How much condo insurance is enough?


Let's first discuss condominium insurance, as this has subtle difference compared with homeowners insurance.

As a condominium owner, you are only responsible for a portion of the condominium that is your property, as well as share ownership responsibilities for the common areas in the condominium, such as the lobby, building exterior, the elevators, hallways or pool. Your level of responsibility will really depend on the specific rules that are stipulated by your coop or condominium owner's association. You only need to cover your area of responsibility and not the common areas.

To check to know how much condo insurance is enough, you should first check if your condominium association has insurance cover for the common areas and how much cover is provided. There are two kinds of polices - bare walls in and all in. Bare walls in policies cover just the exterior framing and not any fixtures such as the bathroom or kitchen countertops. All in policies include the fixtures as well as the bare walls.

If your condominium association has a "bare walls in" policy, then you will need more insurance to cover for the fixtures, particularly if there have been recent upgrades in your condo such as new countertops, cabinets and flooring.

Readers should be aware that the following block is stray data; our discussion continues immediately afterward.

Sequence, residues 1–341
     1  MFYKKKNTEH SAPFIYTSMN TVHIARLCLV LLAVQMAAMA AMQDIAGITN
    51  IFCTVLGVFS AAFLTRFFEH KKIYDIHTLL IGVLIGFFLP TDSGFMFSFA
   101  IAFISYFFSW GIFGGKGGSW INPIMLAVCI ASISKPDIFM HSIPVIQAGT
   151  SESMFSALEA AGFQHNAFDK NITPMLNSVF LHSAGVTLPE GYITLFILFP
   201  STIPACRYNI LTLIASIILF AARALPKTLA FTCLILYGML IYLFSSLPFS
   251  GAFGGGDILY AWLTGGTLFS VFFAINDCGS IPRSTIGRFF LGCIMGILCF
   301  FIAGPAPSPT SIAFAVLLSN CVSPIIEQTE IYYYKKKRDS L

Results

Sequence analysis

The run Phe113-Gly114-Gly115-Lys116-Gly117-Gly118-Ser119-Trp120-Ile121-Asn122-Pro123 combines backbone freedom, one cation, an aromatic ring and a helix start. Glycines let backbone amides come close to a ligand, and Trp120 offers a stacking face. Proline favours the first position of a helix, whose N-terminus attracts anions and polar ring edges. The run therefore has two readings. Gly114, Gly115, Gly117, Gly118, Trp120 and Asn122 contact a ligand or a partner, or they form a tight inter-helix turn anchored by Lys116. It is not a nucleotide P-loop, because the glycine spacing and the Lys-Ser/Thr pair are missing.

For us, you should provide enough condo insurance coverage to cover the market value for the interior structure and fixtures - including lighting fixtures, carpeting, countertops and flooring, as well as the condo unit itself and its contents.

Also, you should take note to insure valuable items that may not be included in the coverage of your standard condo insurance, such as jewelry, artwork, furs, as well as valuable collections such as stamp collections or baseball card collections.

You should also determine whether you will get a replacement cost coverage or cash value coverage. The difference between the two may be significant, especially if your condo is old or your appliances have been used for several years. The cash value coverage will pay the value minus the depreciation. The actual value coverage will not deduct depreciation from the payments.

Another area you should look into would be gaps in the coverage. Condo insurance will not provide for catastrophes such as flood or a storm. If your location is particularly prone to these events, then you would need to consider coverage for this.

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